ANSYS Helps Stem Students Become the Best Possible Engineers
Engineering simulation from ANSYS gaining momentum with students
Engineering is changing under the forces of Industry 4.0, spanning from the promise of the Internet of Things, the use of composite materials and additive manufacturing, to automated factories and mass customization. Universities are at the forefront of research in these areas and realizing that traditional ways of teaching engineering are no longer sufficient. Leading engineering schools across the globe have embraced simulation tools and their ability to virtually explore these vastly increased product development options to arrive at the designs of tomorrow. In fact, professors and students at all 25 of the best engineering schools ranked by US News & World Report are using ANSYS engineering simulation software.
To help with this effort and to make simulation more accessible to all engineering students, the company has introduced new versions of its free ANSYS Student software. In addition to the newest upgrade of the existing ANSYS Student software, the company is now adding AIM Student, a new easy-to-use multiphysics engineering simulation environment. ANSYS Student has recently surpassed a record 100,000 downloads from undergraduate and graduate students around the world.
“ANSYS’ mission is to help engineers develop the best possible products – and we are equally passionate about helping students become the best possible engineers,” said Mark Hindsbo, vice president of marketing at ANSYS. “With the new release of our free ANSYS Student software and the addition of ANSYS AIM Student, we have the opportunity to take engineering simulation from the domain of a few specialists and put these powerful tools in the hands of every undergraduate student.”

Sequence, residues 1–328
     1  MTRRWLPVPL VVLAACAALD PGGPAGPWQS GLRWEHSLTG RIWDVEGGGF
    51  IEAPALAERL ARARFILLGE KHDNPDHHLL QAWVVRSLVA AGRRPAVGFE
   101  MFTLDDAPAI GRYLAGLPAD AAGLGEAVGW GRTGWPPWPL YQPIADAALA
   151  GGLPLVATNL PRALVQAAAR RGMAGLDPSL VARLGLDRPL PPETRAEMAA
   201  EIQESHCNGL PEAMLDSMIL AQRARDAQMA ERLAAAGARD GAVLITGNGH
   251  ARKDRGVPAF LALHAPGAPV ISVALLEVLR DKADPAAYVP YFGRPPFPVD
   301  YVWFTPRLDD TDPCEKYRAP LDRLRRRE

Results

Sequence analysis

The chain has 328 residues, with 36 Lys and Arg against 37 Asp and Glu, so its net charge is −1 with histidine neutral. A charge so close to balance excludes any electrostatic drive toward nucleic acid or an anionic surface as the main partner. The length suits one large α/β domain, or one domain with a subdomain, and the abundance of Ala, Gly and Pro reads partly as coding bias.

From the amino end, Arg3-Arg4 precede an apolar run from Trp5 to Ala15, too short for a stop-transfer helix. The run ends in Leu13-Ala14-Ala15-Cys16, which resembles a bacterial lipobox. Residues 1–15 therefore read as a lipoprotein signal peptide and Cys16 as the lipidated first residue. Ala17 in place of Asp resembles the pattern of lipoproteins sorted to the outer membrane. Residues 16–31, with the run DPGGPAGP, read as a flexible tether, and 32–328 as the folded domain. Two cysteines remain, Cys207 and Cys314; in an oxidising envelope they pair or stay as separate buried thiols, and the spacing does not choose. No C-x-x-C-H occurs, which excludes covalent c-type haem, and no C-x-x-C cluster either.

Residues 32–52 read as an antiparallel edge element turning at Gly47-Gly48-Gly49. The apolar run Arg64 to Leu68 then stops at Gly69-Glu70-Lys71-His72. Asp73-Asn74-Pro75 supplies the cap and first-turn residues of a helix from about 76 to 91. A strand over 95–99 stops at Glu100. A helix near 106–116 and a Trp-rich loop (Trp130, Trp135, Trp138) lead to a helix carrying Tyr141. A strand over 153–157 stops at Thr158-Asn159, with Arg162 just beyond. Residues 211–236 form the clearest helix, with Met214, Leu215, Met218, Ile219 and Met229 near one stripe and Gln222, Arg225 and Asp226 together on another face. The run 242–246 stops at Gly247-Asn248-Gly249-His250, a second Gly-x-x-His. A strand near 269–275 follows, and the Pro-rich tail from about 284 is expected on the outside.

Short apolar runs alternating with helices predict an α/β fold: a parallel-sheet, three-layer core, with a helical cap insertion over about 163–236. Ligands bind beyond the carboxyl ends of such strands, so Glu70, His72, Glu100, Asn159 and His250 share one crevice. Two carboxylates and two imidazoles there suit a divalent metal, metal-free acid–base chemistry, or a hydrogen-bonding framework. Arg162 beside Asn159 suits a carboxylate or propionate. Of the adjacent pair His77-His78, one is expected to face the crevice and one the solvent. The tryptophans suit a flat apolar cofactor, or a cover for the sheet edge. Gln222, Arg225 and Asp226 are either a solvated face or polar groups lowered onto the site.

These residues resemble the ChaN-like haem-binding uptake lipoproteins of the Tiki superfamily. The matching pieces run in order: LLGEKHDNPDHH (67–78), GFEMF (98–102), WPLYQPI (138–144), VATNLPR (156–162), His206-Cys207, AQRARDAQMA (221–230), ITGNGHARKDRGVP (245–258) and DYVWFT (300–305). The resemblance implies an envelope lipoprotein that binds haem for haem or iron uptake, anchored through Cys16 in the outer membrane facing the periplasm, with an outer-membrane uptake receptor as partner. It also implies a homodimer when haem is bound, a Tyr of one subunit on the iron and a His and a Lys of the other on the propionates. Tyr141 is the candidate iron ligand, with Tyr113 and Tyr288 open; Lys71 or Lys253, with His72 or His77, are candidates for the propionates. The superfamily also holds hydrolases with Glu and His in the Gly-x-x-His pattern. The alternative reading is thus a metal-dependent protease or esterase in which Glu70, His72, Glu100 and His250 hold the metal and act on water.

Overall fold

But access to the solutions is not sufficient. Students and others now have the opportunity to learn more about this technology as part of Cornell University’s massive open online course (MOOC) called “A Hands-on Introduction to Engineering Simulations.” The MOOC will give tens of thousands of students worldwide an opportunity to learn skills that are regularly taught to the university’s undergraduate engineering students on campus. The free course launches June 1 and will run for six weeks.
Students are also getting an opportunity to acquire practical knowledge of simulation through the Hyperloop Pod Competition, in which teams from universities are creating working prototypes of the Hyperloop Pod vehicles. The Hyperloop is a concept for a revolutionary new high-speed system, where passengers travel in low-pressure tubes at speeds over 700 miles per hour. ANSYS is one of the main sponsors of the competition and has made its software and expertise available for free to the student participants. In fact, most of the finalists have used its engineering simulations software in their prototype development.
“An important aspect of the Hyperloop is that there is no resistance to motion by friction as the Hyperloop Pod is levitated over the track inside the tube. The CMU Hyperloop team is using magnetic braking to decelerate our pod, ” said Siddhant Shivaram, a master's engineering student at Carnegie Mellon University. “In order to validate this approach, we are using ANSYS to simulate the system and understand the braking forces that can be generated by eddy currents induced on the I-rail track. The simulations have provided invaluable insights into the performance of our system, allowing us to optimize numerous aspects before we commit to the cost of a physical prototype.”
About ANSYS, Inc.
ANSYS is the global leader in engineering simulation. We bring clarity and insight to our customer's most complex design challenges through the broadest portfolio of fast, accurate and reliable simulation tools. Our technology enables organizations in all industries to imagine high-quality, innovative product designs that are sustainable and have an accelerated time to market. Founded in 1970, ANSYS employs almost 3000 professionals, more than 700 of them with PhDs in engineering fields such as finite element analysis, computational fluid dynamics, electronics and electromagnetics, embedded software, system simulation and design optimization. Headquartered south of Pittsburgh, U.S.A., ANSYS has more than 75 strategic sales and development locations throughout the world with a network of channel partners in 40+ countries. Visit www.ansys.com for more information.
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Annette Arribas, CTP